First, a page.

New data reveals that the interaction of the CFTR protein found in many cystic fibrosis patients with neighboring proteins may block its correct function.
“[T]he idea behind our new study was to find new drug candidates that could mimic what we see at low temperatures,” said Sandra Pankow, co-first author of the study, in a press release.
The research team developed a new method to identify proteins and analyze data called Co-Purifying Protein Identification Technology (CoPIT). With this tool, the researchers were able to identify almost all the proteins CFTR interacted with — even the secondary and tertiary protein interactions. They performed the first comprehensive analysis of ?F508 CFTR interactions with other proteins, and its dynamics during temperature change and inhibition of histone deacetylases, enzymes that play essential roles in regulating gene transcription. Notably, these enzymes have been suggested as potential therapeutic targets for fibrotic disorders.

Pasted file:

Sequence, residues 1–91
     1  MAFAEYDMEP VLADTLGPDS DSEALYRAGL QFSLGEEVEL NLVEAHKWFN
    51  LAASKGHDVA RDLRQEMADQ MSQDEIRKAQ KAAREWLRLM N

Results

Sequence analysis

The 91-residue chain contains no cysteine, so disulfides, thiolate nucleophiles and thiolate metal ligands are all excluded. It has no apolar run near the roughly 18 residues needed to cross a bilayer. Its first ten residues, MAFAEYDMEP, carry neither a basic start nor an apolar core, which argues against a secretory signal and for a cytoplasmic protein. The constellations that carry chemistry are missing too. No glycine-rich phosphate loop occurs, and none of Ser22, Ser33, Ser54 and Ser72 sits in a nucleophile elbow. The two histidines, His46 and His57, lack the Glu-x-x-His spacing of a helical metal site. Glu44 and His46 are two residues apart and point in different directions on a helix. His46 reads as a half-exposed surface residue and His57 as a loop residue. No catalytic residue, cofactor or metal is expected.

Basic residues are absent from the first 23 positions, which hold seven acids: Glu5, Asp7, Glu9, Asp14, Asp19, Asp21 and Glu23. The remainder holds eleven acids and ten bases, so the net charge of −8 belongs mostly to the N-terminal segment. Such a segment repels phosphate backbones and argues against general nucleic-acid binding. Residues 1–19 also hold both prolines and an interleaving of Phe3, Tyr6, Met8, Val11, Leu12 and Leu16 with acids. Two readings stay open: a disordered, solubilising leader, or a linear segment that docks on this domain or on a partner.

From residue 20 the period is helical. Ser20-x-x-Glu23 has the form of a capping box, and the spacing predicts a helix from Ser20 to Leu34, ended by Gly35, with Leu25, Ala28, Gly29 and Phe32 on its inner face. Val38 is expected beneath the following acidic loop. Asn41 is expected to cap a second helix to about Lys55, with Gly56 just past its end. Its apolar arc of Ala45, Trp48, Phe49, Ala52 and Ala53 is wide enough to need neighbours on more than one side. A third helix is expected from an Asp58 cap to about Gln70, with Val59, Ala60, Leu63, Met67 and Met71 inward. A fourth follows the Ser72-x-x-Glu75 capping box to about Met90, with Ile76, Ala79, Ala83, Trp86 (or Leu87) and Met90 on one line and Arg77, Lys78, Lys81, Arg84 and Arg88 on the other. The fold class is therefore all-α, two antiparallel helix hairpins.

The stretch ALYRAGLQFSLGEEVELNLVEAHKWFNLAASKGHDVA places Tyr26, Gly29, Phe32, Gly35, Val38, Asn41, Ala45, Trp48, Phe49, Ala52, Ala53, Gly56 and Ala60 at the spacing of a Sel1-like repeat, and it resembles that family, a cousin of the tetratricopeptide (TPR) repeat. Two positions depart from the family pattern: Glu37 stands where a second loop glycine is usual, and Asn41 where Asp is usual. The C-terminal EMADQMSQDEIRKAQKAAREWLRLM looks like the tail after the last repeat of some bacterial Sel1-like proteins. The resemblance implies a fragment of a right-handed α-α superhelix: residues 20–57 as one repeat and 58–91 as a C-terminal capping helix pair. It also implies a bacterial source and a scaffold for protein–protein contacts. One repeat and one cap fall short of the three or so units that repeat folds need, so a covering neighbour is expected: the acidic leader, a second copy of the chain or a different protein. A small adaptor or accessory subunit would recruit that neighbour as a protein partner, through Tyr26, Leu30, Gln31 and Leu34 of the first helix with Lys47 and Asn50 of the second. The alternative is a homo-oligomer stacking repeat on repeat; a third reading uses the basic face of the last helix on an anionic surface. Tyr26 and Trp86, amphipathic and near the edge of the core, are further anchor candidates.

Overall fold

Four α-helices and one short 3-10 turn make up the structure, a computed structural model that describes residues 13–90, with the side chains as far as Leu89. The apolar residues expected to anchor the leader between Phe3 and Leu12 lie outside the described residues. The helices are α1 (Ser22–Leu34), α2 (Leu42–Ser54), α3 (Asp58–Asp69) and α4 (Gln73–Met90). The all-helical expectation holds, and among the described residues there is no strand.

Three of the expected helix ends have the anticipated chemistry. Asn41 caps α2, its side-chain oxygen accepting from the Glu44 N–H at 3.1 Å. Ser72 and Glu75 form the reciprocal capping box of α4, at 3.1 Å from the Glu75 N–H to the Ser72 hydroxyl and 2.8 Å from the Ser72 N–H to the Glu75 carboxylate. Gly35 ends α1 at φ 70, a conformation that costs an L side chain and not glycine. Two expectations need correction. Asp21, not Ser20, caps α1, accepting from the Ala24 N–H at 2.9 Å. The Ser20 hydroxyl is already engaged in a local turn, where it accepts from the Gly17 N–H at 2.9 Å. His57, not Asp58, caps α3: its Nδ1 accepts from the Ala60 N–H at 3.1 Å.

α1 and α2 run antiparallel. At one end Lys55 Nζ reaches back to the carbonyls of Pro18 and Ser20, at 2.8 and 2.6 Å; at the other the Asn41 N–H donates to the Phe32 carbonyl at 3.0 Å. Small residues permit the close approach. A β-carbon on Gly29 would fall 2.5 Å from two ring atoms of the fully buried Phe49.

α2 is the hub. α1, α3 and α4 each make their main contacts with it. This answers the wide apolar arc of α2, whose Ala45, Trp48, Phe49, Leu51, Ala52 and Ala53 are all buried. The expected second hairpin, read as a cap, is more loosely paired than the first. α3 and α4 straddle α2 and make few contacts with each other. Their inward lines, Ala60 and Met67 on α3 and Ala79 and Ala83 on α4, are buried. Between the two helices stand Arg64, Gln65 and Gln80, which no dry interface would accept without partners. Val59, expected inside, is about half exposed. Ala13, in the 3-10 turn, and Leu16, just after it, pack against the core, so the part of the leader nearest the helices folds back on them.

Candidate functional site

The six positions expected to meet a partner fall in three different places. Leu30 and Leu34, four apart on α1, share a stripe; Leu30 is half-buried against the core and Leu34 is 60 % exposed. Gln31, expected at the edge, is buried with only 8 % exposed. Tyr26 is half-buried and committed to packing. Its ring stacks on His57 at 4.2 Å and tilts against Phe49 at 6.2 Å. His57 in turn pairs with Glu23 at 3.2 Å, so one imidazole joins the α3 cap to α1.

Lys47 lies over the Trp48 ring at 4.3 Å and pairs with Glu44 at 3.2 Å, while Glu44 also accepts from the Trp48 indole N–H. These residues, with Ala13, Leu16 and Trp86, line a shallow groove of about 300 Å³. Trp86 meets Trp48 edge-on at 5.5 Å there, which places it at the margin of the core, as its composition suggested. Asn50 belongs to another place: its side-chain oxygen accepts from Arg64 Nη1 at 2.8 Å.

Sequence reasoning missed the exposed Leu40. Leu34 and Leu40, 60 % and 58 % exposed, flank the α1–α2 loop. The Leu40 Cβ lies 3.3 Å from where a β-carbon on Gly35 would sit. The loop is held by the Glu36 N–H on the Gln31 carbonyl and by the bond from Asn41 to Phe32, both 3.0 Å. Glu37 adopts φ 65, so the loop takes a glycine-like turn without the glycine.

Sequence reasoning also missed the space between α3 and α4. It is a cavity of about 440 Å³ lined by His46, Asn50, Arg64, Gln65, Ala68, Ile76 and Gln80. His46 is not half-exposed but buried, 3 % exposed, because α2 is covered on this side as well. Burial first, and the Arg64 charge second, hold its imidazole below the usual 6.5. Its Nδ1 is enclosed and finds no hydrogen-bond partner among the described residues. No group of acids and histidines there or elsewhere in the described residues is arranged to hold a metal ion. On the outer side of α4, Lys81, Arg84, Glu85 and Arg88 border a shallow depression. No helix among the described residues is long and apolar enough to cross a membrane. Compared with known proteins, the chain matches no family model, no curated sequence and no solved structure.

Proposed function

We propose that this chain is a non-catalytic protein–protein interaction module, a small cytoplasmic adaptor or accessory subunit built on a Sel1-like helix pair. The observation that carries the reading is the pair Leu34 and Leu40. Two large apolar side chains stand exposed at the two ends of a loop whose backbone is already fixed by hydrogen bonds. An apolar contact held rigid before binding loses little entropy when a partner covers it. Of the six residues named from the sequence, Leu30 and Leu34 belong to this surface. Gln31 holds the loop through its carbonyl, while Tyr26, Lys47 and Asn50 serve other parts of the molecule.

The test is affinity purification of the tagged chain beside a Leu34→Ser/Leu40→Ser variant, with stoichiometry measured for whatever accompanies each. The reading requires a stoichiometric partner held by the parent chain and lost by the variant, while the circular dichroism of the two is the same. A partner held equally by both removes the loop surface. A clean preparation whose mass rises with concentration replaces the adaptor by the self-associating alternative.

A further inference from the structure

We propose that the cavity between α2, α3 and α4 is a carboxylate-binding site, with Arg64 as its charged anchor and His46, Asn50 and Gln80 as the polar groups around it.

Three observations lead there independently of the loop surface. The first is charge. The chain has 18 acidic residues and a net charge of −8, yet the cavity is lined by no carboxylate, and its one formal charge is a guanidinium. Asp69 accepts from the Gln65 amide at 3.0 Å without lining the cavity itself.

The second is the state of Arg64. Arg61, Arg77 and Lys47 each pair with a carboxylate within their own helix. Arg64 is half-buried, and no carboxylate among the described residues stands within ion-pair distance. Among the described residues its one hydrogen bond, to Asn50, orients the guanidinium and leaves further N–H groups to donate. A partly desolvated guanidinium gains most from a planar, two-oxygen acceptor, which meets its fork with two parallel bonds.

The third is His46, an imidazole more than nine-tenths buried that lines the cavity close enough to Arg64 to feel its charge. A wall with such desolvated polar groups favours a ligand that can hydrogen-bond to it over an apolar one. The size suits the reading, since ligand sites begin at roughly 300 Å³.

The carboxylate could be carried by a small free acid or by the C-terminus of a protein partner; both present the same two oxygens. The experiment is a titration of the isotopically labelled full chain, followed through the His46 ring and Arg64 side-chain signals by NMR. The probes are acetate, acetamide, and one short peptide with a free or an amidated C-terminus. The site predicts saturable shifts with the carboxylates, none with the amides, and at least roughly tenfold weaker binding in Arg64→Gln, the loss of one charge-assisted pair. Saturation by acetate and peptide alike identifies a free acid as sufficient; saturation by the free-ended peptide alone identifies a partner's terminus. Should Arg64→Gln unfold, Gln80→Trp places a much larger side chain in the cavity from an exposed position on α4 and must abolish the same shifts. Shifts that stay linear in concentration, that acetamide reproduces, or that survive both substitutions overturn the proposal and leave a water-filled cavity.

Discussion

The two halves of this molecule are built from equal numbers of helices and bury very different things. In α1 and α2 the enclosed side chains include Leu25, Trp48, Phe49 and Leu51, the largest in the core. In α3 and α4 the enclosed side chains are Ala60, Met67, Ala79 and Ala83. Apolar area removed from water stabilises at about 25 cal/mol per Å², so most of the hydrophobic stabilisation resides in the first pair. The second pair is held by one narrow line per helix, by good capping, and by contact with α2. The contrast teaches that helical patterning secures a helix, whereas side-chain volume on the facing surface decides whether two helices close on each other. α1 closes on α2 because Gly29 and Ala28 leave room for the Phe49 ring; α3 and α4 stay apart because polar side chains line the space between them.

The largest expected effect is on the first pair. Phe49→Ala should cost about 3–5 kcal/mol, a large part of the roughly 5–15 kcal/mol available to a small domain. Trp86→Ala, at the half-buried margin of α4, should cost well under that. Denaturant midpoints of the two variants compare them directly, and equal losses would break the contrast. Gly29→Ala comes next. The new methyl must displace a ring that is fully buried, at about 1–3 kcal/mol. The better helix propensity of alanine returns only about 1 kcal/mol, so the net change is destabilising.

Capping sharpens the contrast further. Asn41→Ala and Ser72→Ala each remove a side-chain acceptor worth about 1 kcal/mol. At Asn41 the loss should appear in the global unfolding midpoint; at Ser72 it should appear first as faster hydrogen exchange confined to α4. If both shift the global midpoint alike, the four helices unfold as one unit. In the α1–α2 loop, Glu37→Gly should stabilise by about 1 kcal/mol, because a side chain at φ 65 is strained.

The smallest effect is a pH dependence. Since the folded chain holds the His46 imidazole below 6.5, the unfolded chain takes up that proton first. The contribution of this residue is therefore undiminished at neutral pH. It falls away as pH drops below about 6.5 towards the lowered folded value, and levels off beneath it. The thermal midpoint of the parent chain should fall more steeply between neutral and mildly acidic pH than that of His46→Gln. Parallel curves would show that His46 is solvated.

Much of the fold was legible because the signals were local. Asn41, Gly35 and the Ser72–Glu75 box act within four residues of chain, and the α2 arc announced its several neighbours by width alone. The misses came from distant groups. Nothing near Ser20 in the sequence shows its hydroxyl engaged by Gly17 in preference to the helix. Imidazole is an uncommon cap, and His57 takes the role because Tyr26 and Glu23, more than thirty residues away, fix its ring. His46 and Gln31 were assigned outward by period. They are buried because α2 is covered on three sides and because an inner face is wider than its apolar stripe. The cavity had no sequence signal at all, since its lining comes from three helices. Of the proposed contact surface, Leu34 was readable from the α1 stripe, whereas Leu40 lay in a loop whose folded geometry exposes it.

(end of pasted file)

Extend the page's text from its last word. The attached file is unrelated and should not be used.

During the analysis, the researchers were surprised to find that the ?F508 CFTR mutant acquired a completely novel “disease-specific” interaction network. “The proteins and the interactions we’ve identified really fuel the pipeline for new drug targets to treat cystic fibrosis,” said Casimir Bamberger, co-first author of the study.
Pankow said they identified 300 proteins that had changed their level of interaction and, in addition, 200 more proteins interacted with the mutated CFTR.